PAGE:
AUDEBERT, Jean Baptiste (1759-1800). Histoire Naturelle des Singes et des Makis. Paris: Desray, An VIII [1798-1799].
2° (513 x 334mm). Half-title. 61 engraved plates by and after Audebert printed in colours by Finot and finished by hand, 2 uncoloured anatomical plates. (Variable spotting throughout.)
AUDEBERT, J.-B. and L.-J.-P. VIEILLOT (1748-1831). Oiseaux Dorés ou à reflets métalliques. I. Histoire naturelle et générale des colibris, oiseaux-mouches, jacamars et promerops. II. Des Grimpéreaux et des Oiseaux de Paradis. Paris: Crapelet for Desray, [1800-]1802.
2 volumes, 2° (513 x 335mm). 2 pp. subscriber's list, half-titles and section titles. 190 fine engraved plates, printed in colours by and after Audebert printed by Langlois, one double-page and folding, many heightened with gold, captions printed in gold. (Plate 66 of the Colibris lacking and plate 65 bound in duplicate in its place; some variable spotting throughout.)
uniformly bound in magnificent contemporary green straight-grained morocco gilt, by L. Staggemeier & Welcher of London, with their ticket to front pastedown of the Singes, sides with a border composed of a foliate scroll roll between a double fillet terminating in rosettes at the corners, spines elaborately gilt with stylized crosses infilled with stipple tools and volutes, gilt turn-ins, gilt edges (extremities rubbed and corners bumped). Provenance: George Savile Foljambe (bookplate).
A LARGE-PAPER COPY OF THE FIRST EDITION OF THE SINGES, published in 10 parts, the first two in February and July 1798, the remainder between January and October 1799. Audebert's monograph, which divided the monkeys into six families, was the more impressive for employing a colour-printing process in which all the colours were printed from one plate and oil paint was substituted for gouache. In developing this new technique, his experience as a distinguished miniature painter was probably important. His interest had only turned to natural history after a meeting in 1789 with Gigot-d'Orex, a rich amateur collector of specimens. But when Audebert died at the young age of 41, his reputation as an artist-naturalist was assured both by the present work and the later Oiseaux dorés (Paris, 1800-1802). Brunet I, 550 ('ouvrage curieux et d'une exécution magnifique'); Nissen ZBI 156; Wood 206.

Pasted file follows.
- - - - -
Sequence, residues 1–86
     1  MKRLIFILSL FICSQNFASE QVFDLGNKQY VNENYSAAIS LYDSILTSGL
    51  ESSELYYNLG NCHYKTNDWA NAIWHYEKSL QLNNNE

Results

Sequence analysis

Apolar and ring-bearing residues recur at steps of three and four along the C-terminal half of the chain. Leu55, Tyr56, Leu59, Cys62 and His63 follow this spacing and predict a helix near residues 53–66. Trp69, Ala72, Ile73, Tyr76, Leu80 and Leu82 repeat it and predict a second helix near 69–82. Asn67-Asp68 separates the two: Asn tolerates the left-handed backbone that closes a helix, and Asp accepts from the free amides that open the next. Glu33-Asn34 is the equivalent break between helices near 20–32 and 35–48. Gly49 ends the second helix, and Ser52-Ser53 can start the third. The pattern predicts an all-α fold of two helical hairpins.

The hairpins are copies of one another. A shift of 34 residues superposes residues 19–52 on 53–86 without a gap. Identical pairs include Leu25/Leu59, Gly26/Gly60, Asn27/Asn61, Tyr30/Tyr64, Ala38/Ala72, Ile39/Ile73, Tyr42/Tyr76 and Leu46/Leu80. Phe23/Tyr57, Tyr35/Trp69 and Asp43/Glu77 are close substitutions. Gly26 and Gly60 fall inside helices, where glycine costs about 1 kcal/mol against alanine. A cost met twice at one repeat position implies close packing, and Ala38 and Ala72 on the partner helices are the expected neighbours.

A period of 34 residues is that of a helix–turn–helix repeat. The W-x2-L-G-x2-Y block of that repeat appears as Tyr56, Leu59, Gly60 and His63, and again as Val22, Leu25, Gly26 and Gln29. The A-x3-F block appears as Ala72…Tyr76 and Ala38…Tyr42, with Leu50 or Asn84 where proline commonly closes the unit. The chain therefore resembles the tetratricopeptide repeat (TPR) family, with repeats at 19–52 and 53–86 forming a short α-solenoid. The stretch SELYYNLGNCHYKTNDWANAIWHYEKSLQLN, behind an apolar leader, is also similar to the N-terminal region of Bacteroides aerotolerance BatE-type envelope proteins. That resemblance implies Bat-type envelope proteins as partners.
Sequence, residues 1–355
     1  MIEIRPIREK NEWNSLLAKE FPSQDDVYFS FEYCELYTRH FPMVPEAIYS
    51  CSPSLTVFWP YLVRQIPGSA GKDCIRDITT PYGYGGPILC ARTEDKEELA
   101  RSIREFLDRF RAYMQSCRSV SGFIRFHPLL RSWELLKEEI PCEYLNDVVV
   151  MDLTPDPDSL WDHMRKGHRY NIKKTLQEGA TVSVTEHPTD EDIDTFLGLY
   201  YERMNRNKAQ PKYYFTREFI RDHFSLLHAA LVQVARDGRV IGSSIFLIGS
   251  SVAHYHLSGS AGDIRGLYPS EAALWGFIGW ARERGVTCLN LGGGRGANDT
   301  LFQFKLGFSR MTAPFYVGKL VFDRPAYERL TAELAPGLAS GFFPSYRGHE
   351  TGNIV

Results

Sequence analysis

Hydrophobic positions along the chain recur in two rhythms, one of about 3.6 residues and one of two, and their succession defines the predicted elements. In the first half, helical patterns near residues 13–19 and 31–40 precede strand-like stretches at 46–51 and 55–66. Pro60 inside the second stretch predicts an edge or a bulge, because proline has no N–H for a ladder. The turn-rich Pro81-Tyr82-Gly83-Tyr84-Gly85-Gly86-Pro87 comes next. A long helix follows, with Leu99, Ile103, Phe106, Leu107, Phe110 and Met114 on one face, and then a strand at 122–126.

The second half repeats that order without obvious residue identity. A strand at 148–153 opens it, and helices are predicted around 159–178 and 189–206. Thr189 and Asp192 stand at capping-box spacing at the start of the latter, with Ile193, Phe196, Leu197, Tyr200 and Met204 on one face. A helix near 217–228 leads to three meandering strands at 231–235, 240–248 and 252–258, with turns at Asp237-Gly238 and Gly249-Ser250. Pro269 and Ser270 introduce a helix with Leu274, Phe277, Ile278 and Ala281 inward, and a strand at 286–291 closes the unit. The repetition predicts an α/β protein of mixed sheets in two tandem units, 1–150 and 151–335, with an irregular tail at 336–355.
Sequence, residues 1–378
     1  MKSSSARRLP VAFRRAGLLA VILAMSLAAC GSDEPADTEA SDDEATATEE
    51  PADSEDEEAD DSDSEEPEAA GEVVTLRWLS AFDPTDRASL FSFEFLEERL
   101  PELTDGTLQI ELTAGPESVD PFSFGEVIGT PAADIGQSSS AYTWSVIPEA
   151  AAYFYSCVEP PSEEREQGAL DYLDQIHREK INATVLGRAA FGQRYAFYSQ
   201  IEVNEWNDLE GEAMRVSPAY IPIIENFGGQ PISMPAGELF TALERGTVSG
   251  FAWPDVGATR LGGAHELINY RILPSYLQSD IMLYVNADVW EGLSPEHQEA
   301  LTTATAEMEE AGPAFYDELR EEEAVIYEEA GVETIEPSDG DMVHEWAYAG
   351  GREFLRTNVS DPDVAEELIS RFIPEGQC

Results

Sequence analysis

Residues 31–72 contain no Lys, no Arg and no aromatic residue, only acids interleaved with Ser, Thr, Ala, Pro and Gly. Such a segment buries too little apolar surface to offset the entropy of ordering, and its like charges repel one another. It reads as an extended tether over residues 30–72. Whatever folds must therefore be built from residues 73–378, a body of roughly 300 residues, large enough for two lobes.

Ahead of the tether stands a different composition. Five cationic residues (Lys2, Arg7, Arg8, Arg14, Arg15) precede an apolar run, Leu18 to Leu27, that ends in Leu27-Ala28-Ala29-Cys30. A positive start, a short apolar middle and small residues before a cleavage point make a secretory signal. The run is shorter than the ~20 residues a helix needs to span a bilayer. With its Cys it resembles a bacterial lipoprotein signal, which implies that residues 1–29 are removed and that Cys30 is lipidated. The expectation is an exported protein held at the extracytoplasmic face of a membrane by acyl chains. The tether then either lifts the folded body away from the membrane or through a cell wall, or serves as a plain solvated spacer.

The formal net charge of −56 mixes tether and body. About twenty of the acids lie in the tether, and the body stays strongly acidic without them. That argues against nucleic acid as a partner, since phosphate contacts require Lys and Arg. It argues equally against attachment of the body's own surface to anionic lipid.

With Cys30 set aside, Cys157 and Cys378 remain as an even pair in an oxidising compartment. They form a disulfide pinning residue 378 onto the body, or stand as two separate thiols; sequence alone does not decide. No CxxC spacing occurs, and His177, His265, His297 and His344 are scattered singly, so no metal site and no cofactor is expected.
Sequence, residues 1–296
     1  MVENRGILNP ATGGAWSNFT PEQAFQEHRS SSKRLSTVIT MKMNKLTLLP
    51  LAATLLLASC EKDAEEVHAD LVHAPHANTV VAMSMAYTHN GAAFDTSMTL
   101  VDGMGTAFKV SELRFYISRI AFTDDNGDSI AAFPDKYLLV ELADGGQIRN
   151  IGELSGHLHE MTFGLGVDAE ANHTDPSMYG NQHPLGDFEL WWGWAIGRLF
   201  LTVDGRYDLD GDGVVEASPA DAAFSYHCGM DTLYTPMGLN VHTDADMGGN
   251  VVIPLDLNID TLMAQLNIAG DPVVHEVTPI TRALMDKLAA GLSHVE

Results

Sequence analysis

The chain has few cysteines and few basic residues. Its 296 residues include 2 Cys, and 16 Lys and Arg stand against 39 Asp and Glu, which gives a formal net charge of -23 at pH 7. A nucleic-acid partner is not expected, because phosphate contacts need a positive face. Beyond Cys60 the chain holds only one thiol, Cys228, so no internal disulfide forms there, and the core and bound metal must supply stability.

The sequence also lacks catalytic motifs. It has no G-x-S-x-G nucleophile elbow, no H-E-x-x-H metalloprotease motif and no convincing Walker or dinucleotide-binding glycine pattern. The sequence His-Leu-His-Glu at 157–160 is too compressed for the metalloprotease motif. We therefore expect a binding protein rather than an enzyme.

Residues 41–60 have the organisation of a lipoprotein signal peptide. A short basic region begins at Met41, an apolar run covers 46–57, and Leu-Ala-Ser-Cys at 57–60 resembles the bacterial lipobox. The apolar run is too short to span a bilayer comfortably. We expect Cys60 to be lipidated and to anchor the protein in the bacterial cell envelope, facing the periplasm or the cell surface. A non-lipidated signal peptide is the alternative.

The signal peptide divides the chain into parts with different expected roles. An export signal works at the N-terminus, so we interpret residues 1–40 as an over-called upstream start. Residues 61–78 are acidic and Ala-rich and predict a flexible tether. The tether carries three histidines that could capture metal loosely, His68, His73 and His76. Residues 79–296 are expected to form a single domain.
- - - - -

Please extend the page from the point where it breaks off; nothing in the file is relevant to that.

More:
Audebert's Oiseaux Dorés is 'one of the most beautiful books of its era' (Fine Bird Books, 1990, p.15). '[The] colours of the birds and their handsome appearance have evidently been the cause of their selection for inclusion in the book. The plates with the bird portraits are in beautiful colours; in this respect they are among the best colour prints found in ornithology' (Anker). The work was issued in 32 parts over 26 months and is divided into 10 sections or sub-sections, the general title being taken from the half-titles. The plates were etched by Audebert from his own designs and those of 'les plus belles peintres de Paris et de Londres'. Louis Bouquet assisted with the colouring, and Langlois with the printing in oil-colours. The whole process used in the printing of the plates was invented by Audebert. The text is largely by Vieillot who continued the work using Audebert's notes after the latter's death in 1800. Anker 14; Fine Bird Books (1990) p.73; Mengel 93; Nissen IVB 47; Zimmer 17. (3)